What started out as a method of crop control has yielded surprising results in the control of botrytis. Sonya Logan reports.
What if I told you there was a chemical-free method of controlling botrytis that has proven to be up to 80% more effective than fungicide sprays alone and could already be sitting in your vineyard shed right now?
I’m talking about the humble grape harvester. Ten years ago, the New Zealand wine industry looked to Australia for a solution to control its crop levels after observing the effectiveness of mechanical fruit thinning in Aussie vineyards. Now the Kiwis are giving back after extensive trials have repeatedly demonstrated how giving vines a bit of shake with a harvester just before bunch closure, even if you don’t drop crop, can reduce botrytis infection by at least 50%.
And there’s at least one major New Zealand wine company, Villa Maria, which has adopted the technique as an integral part of its viticulture program.
The discovery came as something of a surprise to New Zealand researchers which first emerged during trials of mechanical fruit thinning in commercial vineyards in Marlborough by Plant & Food Research during the 2010 harvest. The trials had been prompted by a very large, significantly botrytis-affected vintage in Marlborough in 2008 which saw the region’s growers take a substantial hit to their returns.
As well as monitoring the effectiveness of various harvester settings to bring about a range of yield reductions on a number of varieties, the researchers also recorded botrytis infection levels. Not only did the trials show mechanical thinning prior to bunch closure was an easy method for controlling yields, but beating the vines, whether lightly to just knock off a few berries, or vigorously to remove a proportion of berries, shoulders and some whole bunches, led to a reduction in botrytis too.
Buoyed by the initial results from this single-year trial, the researchers wanted to investigate mechanical thinning and its effect on botrytis further. Another three-year trial followed which was managed by New Zealand viticultural consultant Mark Allen and involved around 90 sites from around the country and a variety of harvesters.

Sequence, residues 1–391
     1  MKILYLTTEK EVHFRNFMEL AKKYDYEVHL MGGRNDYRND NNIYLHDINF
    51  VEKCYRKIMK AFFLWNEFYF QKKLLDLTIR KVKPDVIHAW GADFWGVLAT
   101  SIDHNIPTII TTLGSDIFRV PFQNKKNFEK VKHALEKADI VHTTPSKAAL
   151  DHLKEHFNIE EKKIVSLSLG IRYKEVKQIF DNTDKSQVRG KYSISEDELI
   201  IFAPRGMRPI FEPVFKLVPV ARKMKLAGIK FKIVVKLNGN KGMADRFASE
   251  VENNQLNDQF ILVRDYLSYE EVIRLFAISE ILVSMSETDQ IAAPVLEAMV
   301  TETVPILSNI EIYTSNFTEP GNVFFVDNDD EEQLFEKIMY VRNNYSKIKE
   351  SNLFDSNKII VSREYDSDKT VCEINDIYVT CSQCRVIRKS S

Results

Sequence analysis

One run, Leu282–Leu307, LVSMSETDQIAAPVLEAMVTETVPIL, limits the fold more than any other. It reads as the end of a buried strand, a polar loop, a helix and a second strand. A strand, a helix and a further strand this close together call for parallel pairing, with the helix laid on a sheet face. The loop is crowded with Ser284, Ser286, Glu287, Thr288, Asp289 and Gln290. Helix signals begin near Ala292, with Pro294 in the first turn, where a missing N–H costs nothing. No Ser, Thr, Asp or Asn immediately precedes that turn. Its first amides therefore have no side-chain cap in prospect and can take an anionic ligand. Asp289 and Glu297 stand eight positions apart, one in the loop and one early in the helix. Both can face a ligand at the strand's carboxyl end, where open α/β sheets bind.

Beginning in 2012, the trial attracted four major wineries as participating partners: Pernod Ricard, Villa Maria, Constellation and Whither Hills. Right from the first year, the trial yet again showed the effectiveness of mechanical thinning in reducing winegrape crops and controlling botrytis.
“The harder we hit the vines we got slightly better control in botrytis,” Mark Allen recalled.
Vine trash monitored
Acknowledging the role of vine trash as a source of inoculum for botrytis, in this trial it was decided to also measure the amount of decaying floral parts and leaf material that was dislodged by the passing harvesters, with white plastic bin lids placed under vines for this to be easily seen along with the fruit being knocked off.
In the third year of the trial, 2014, the season produced another big crop. Some vineyards cropped as high as 30-40 tonnes per hectare.
“Harvesters were going 24/7 as a crop reduction measure, but we were also still monitoring for botrytis immediately prior to harvest. The effectiveness of fruit thinning in controlling botrytis just kept coming up. We were consistently getting 50% if not 80% better control of botrytis compared with just spraying. In 2014, most of the Sauvignon Blanc controls were sitting on 10-15% botrytis infection. Most wineries have an acceptance of no more than 5%. Anything that was thinned came in at under 5%,” Allen said, adding not a single shaken site had a higher level of botrytis.
“Whether it was a low pressure year or a high pressure year, growers were still enjoying the relevant benefit of shaking for botrytis.
“Botrytis has always been a limiting factor in New Zealand except in Central Otago where botrytis rarely occurs. We’d never seen anything like this.”
An economic analysis of the results from the three-year trial showed that mechanical thinning delivered a worthwhile outcome for botrytis control in eight out of 10 years. Allen said the reason there wasn’t a perfect 10 out of 10 was simply due to the likelihood of a couple of seasons when botrytis wasn’t an issue at all.
With four years of encouraging results now on the board and the three-year trial complete, Allen was keen to delve deeper still into the benefits of vine shaking for botrytis control. This time, he wanted to see if shaking vines lightly without removing crop would still result in a drop in botrytis.
Unfortunately, 2015 proved to be a light-cropping year. Out of all the participants from the previous three-year trial only 5% said they wanted to take part in another trial for fear of losing any of their already lean crops. And of those growers who said ‘yes’, many were only prepared to sacrifice a couple of vine rows for the trial.
Despite the light crops, many of the growers who declined to take part in the 2015 trial would soon wish they had after rain events prior to harvest led to significant botrytis infections for many growers.
For those who did take part, their trial vines were given a light shaking by a harvester travelling at between 5-5.5km/hour and set up with three pairs of rods – one set aimed at the trunk and two about 50mm above the fruit zone.
The answer on the botrytis question was another resounding ‘yes’.
“Even in light cropping years the role of shaking vines in controlling botrytis was shown to be just as important if not more,” Allen said.
This article was originally printed in the September 2018 issue of Grapegrower & Winemaker magazine.
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